Back in 2002 I had the idea of building a working Rubik Cube. This is a bulding challenge that has always appealed. Here the challenge is to create a mechanical device that has a number of degrees of freedom about a central point. It's not easy! The cube consists of 12 edge pieces, 8 corner pieces and one central piece. All of these have to be interlocking, yet still be able to rotate about any axis at any time in any direction! And all this with a basic square block! Thankfully LEGO has been kind and the ratio of 5 bricks to 6 studs allows us to create a genuine cube structure.
I must point out that quite independently a fellow LEGO enthusiast, at the same time as me, also constructed a working Rubik's cube. Maarten Steurbaut's cube is quite a bit different from mine. His original design is based around 8x8x8 cubes and so it's slightly larger than my cube. After seeing my version Maarten went on to create a Rubik's cube that's smaller than my one based on 4x4x4 cubes.
Since then numerous other LEGO fans have built Rubik's Cubes as any web search will attest. Typically, they are based on 4x4 studs and have corner pieces not disimilar in concept from Maarten Steurbaut.
Rather than boring you with endless detail of how a Rubik Cube works it's probably better just to scroll down and see how it was constructed. There's even a movie of the Rubik's cube in action - its operation is a bit sticky due to there being slightly different levels between pieces (a result of not having enough tile plates), and self-destruction was always a possibility! Please also bear in mind that this video was made on a basic 3MP digital camera with limited video resolution, well before the days smart phones or HD devices.
Inside a Rubik's cube is a mechanism that has six stems coming from the centre. Each of these stems a centre piece is attached. These pieces can rotate with the stem being their axis of rotation.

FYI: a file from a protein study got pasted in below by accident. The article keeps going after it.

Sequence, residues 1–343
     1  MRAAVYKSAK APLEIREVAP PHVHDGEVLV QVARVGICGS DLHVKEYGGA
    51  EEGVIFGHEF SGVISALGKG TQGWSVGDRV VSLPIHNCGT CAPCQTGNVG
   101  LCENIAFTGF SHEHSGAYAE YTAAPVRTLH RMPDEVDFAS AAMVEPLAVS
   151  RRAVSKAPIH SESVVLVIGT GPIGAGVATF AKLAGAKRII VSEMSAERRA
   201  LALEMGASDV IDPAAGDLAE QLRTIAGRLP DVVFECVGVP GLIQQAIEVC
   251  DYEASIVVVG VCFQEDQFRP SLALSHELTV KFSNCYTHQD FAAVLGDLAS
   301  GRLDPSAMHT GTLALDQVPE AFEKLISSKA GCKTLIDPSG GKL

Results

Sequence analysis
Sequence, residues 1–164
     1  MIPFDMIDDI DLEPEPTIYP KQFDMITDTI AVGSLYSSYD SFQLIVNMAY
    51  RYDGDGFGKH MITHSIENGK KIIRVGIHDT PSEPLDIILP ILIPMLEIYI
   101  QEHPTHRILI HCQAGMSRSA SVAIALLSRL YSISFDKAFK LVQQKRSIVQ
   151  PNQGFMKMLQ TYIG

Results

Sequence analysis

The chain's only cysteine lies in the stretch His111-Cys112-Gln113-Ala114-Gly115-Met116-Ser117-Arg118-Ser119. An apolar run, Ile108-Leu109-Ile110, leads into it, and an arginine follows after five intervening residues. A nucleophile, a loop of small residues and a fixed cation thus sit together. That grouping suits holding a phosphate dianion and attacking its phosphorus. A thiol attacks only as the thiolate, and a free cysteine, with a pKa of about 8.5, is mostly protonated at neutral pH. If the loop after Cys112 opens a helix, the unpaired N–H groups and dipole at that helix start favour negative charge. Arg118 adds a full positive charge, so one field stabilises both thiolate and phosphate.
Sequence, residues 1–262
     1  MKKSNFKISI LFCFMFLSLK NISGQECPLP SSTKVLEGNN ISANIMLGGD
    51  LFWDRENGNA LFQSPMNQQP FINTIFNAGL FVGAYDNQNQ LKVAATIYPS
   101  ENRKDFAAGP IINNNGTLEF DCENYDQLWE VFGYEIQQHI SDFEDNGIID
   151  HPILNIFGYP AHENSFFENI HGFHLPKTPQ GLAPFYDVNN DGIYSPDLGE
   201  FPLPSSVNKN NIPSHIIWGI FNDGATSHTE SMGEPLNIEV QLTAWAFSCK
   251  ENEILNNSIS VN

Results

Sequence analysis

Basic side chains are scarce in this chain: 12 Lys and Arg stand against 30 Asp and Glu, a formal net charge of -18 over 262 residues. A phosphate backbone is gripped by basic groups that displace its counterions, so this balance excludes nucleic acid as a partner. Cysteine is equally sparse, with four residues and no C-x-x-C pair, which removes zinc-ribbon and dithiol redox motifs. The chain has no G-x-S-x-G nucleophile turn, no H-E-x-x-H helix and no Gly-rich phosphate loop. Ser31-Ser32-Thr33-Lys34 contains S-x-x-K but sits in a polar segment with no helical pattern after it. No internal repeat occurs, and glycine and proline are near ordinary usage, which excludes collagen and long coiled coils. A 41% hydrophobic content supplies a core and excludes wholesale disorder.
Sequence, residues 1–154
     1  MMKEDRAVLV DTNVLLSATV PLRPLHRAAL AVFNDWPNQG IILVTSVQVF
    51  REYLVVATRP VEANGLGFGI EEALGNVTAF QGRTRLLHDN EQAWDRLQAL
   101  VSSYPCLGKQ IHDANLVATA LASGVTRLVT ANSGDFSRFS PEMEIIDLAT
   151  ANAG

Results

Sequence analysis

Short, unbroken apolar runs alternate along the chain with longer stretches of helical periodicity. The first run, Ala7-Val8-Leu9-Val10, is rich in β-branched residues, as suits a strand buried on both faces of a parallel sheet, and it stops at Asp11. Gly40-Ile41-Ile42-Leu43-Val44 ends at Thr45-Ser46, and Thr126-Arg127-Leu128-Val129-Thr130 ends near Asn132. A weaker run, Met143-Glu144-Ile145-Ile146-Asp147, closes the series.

The edge pieces have to lock between two of the centre pieces, but allow the corner pieces to slide past them when one face is being rotated. There are twelve edge pieces in total.
A Rubik's cube has eight corner pieces. These were the most difficult part to make since the square nature of the LEGO brick doesn't lend itself too well to the creating circles. The corner pieces have to move completely round the entire cube as well as ensuring the whole puzzle remains self-interlocking (ie. it doesn't fall apart).
The whole cube was pretty big, which meant trying to do it very was difficult. In fact the whole model was prone to self-destructing, something that could only really be prevented by using glue. I also didn't have enough tile pieces, the consequence of which can be seen in the movie. Basically, it meant that some of the centre and edge pieces were at fractionally different heights to their neighbours, resulting pieces catching when rotating.
Here are the step-by-step instructions for building your own cube
Please bear in mind this video was made on a basic 3MP digital camera with limited video resolution in 2002, well before any smart phones or HD devices.